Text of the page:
Mapping hurricane vulnerability

Inland flooding and winds factor into a new database for emergency responders

August 17, 2012 | When a hurricane hits, the first concern of emergency responders is often coastal communities. Yet a 2000 study found that 63% of hurricane-related deaths occur in inland counties, often as the result of intense rain, flooding, mudslides, and tornadoes.

To help emergency managers better protect inland communities, NCAR scientists are pinpointing vulnerable populations by studying the reach of tropical storm winds and combining census data with flood maps.

Dereka Carroll, a protégé in NCAR’s SOARS research program, is working with NCAR scientists James Done and Dave Ahijevych to attack this problem. Her first step was assessing how far inland hurricanes and tropical storms can produce strong winds as they weaken. Hurricane Floyd in 1999, for example, produced intense winds 1,300 miles (2,100 kilometers) inland while weaker tropical storms have generated damaging winds as far inland as 600 miles (980 kilometers).

For Carroll’s next step, she wanted to assess deaths caused by inland flooding. Unfortunately, sufficient data didn’t exist. Yet in the waning days of her summer internship, visiting scientist Gabriele Villarini helped fill these vital gaps in the project with his maps of flood-prone inland areas spanning from Texas to the East Coast.

flooded streets, cars floating, Richmond, VA
Parts of downtown Richmond experienced major flooding on August 30, 2004, as torrential rains from Tropical Storm Gaston moved inland across Virginia. (Photo courtesy Richmond Times-Dispatch.)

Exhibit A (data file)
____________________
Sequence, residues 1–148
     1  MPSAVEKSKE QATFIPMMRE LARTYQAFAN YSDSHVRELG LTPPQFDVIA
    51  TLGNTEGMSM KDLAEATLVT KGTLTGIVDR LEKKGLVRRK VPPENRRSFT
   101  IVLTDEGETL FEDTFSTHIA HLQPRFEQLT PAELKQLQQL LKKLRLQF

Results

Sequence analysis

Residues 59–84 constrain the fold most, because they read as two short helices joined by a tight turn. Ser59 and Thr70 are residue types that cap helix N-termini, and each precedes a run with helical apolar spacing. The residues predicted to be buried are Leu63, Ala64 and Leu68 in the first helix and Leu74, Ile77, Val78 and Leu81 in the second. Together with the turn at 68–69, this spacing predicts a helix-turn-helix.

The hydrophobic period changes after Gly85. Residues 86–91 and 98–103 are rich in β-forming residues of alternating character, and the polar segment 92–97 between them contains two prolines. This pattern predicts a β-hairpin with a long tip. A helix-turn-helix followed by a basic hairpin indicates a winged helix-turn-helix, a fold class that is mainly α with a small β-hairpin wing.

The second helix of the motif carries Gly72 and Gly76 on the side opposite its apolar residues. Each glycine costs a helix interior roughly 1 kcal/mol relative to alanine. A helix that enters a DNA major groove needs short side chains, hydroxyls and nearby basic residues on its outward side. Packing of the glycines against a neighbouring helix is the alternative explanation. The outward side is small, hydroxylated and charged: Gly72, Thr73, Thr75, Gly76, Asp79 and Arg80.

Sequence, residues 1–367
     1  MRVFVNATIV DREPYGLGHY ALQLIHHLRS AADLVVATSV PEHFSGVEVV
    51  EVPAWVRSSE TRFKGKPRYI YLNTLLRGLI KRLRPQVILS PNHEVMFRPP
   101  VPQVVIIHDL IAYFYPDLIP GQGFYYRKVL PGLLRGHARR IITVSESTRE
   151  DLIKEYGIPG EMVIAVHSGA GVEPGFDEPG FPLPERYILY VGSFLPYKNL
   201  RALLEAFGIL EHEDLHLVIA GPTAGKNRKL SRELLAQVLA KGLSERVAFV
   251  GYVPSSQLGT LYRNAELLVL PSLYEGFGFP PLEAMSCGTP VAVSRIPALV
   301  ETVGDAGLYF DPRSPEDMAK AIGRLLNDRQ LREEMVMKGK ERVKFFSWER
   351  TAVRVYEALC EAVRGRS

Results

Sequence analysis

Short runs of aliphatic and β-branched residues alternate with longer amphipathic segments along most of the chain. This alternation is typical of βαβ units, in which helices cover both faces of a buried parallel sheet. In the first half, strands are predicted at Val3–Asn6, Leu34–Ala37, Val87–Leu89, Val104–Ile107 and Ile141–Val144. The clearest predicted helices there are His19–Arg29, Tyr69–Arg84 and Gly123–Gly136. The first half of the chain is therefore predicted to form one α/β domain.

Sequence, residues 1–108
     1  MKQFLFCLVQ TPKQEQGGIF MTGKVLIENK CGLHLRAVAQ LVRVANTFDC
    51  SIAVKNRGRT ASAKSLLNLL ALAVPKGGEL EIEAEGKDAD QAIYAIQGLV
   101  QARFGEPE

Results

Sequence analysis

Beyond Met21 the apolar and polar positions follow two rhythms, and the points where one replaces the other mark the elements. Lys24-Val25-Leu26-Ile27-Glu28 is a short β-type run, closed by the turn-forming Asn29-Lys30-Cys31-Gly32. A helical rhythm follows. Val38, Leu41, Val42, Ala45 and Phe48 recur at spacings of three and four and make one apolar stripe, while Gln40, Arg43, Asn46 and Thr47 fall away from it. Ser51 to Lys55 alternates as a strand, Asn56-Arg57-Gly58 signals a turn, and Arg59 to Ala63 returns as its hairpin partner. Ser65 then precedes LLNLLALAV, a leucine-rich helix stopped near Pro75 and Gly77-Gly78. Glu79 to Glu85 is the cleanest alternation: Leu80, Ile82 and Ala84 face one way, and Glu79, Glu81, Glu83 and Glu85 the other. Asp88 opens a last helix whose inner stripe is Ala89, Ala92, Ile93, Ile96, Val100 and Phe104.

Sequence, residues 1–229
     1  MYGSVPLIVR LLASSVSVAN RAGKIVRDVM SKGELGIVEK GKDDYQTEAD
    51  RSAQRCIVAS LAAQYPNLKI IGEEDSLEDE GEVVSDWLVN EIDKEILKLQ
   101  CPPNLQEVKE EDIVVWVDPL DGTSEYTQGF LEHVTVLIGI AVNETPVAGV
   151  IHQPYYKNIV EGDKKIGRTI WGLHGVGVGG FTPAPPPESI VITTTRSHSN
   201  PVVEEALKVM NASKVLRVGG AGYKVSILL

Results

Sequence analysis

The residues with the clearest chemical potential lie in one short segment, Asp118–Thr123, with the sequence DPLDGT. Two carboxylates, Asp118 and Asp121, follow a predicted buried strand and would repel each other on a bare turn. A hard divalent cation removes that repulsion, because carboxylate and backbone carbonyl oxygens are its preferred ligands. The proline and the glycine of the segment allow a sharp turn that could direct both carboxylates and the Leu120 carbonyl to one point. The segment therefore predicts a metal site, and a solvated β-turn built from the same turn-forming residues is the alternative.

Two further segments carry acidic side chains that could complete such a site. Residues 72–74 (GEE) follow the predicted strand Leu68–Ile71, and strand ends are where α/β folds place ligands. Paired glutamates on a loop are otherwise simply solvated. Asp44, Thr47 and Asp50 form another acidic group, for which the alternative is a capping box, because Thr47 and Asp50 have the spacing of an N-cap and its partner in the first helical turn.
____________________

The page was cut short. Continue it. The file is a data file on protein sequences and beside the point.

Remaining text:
Carroll then compared these factors with national census data and social vulnerability studies, looking at such factors as income and education levels, ethnicity, and age. Census data showed that 36.7% of Americans 65 and older had a disability, either cognitive or ambulatory, which meant they would be especially vulnerable to hurricane hazards.

To produce an overall index, Carroll scored each of the factors between 0 and 1. Males received a higher risk rating than females, for instance, because statistics show that, for reasons not yet understood, more than 71% of those who die in floods during tropical storms and hurricanes are male.

Other factors Carroll took into account included building design (mobile homes are especially vulnerable); the clarity and accessibility of local and state emergency management websites; and population density, which can affect how quickly an area could be evacuated.

Once the factors were totaled, most counties scored between 2.0 and 4.8 on a scale of 1 to 10. Among the findings that stand out: Arkansas has one of the highest vulnerability ratings for hurricane damage, even though it sits hundreds of miles inland.

Carroll’s hope is that the database will allow emergency managers to more effectively allocate resources where they are most needed. This will avoid situations where the same type of assistance is sent to two highly vulnerable counties, when in fact one may need, for instance, more ambulances to assist the elderly, while the other might require translators for a larger non–English-speaking population.

”We want emergency managers to use this in a situation where, if they see the storm track going through a particular area, they can look at those locations and assess their vulnerability all the way down to each individual factor,” Carroll says.

Dereka Carroll, James Done, David Ahijevych, Gabriele Villarini, "Mapping Social Vulnerability to Landfalling Hurricanes in the Atlantic Basin" 2012: unpublished poster presentation: PDF



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